A historic new Congress was sworn in on Sunday, one that narrowed the margin of control in both chambers and brought a diverse class of first-term members to Capitol Hill.
In the House of Representatives, a previously robust Democratic majority shrank to just 222 seats — four more than the 218 needed for a bare majority — with two races still undecided, for a net GOP pickup of nine seats.
One Republican House member, Iowa Rep. Mariannette Miller-Meeks, was seated provisionally, as her opponent continues to contest Miller-Meeks’s six-vote margin of victory, and New York’s 22nd Congressional District will be temporarily without a representative as incumbent Rep. Anthony Brindisi’s race remains too close to call.
And another House district in Louisiana will remain vacant for the time being after the sudden death of Representative-elect Luke Letlow from Covid-19 complications last week. Letlow, 41, had won a runoff in Louisiana’s Fifth Congressional District; now, a special election will be held to fill his seat.
Despite Letlow’s tragic death, adherence to the House’s mask policy was a flashpoint Sunday as new members were sworn in: At least two new Republican members clashed with House staff on the issue Sunday, according to Punchbowl News’s Jake Sherman.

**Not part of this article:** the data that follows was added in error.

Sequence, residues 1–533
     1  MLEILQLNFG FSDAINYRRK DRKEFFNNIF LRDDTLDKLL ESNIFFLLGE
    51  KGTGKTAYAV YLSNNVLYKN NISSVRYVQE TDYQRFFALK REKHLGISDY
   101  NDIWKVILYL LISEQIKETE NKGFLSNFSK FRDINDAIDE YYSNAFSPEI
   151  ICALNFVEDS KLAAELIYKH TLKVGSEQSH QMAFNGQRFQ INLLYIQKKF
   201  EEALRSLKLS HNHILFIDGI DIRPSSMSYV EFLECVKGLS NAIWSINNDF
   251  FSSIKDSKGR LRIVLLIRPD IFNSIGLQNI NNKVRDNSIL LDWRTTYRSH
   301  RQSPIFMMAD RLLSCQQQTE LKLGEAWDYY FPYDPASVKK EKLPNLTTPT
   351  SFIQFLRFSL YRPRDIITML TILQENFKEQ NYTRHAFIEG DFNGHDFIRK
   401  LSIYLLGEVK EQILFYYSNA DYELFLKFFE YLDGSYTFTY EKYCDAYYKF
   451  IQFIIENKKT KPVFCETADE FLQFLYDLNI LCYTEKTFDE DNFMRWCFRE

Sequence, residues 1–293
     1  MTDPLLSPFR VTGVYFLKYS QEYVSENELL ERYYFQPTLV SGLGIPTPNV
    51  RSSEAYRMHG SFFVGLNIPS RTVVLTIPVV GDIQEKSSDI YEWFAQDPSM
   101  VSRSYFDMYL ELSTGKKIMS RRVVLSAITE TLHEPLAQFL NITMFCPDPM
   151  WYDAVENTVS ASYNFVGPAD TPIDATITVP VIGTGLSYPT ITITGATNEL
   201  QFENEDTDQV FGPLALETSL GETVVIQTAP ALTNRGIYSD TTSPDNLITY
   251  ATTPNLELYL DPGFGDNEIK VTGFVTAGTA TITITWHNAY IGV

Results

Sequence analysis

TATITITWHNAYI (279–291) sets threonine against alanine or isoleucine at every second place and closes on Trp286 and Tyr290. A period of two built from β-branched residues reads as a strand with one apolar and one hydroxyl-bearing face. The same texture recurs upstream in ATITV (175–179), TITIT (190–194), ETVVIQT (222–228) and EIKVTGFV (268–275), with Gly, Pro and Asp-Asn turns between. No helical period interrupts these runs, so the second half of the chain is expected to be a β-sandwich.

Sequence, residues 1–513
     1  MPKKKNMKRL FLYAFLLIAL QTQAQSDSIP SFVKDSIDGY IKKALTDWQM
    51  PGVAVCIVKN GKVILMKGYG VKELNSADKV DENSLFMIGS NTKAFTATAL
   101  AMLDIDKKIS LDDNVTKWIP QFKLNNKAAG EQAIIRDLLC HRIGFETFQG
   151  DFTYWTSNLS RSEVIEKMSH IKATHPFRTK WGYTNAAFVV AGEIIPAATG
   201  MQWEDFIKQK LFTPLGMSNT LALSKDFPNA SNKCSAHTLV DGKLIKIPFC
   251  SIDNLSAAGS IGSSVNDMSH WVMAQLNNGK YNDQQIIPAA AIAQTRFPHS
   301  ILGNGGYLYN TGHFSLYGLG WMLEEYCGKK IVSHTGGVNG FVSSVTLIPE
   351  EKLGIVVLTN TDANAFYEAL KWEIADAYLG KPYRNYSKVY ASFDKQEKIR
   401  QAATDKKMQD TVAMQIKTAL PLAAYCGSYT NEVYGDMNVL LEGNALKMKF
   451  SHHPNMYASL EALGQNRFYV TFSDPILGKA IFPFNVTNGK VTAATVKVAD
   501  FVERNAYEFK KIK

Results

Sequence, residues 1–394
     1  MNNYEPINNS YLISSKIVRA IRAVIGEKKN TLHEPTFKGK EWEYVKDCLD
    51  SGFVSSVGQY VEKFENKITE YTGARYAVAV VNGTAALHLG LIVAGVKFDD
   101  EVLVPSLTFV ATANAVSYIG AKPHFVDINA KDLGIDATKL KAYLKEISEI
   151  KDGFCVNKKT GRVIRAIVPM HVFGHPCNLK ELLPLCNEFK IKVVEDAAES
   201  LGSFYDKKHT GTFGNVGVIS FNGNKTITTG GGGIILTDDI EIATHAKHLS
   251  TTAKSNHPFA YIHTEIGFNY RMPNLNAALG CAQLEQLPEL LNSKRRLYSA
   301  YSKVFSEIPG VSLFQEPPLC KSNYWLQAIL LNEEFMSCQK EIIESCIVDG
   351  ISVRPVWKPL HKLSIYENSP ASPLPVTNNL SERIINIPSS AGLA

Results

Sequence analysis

2 new Republicans — including @mtgreenee — are being told by House floor staff that they have to put their masks on. as of now, they seem to be telling the floor staff that they will not put it on.— Jake Sherman (@JakeSherman) January 3, 2021
Taylor Greene is leaving the floor with the other R, who were trying to ID
The Republican Senate majority, meanwhile, dwindled slightly to just 51 seats ahead of a pair of decisive runoffs in Georgia this Tuesday. That’s down from Senate Majority Leader Mitch McConnell’s 53-seat margin for most of the 116th Congress, a majority that fell briefly to just 52 seats last month after Arizona Sen. Mark Kelly, a Democrat, was sworn in on December 2 following his special-election victory.
The Georgia runoffs mean that the Senate seat previously belonging to incumbent Sen. David Perdue will temporarily stand vacant between Sunday and the January 5 election, though Sen. Kelly Loeffler, who is facing a special election runoff, will retain hers at least through January 5.
Beyond Kelly winning a seat previously held by Republican Sen. Martha McSally, two other Senate seats changed hands in November, with Democratic Sen. John Hickenlooper ousting incumbent Republican Sen. Cory Gardner in Colorado and Republican Sen. Tommy Tuberville defeating incumbent Democrat Sen. Doug Jones in Alabama. However, given the affiliations of both victors, those elections will have no effect on the chamber’s overall balance of power.
A first-term class full of firsts
In addition to the partisan changes, the 117th Congress has ushered in a number of demographic firsts.
In the House, Rep. Mondaire Jones (D-NY) became the first openly gay Black man to serve in Congress, while Democrat New York Rep. Ritchie Torres became the first openly gay Afro-Latino member.
Rep. Stephanie Bice (R-OK) is now the first Iranian-American person in Congress.
Reps. Marilyn Strickland (D-WA), Young Kim (R-CA), and Michelle Steel (R-CA) are the first Korean-American women in Congress.
And at just 25 years old, Rep. Madison Cawthorn (R-NC) is the youngest person to serve in Congress in the modern era, according to CNN.
The new House also includes more women than ever, breaking a record set by the 116th Congress. Of the 118 women in the House, 89 are Democrats and 29 are Republicans.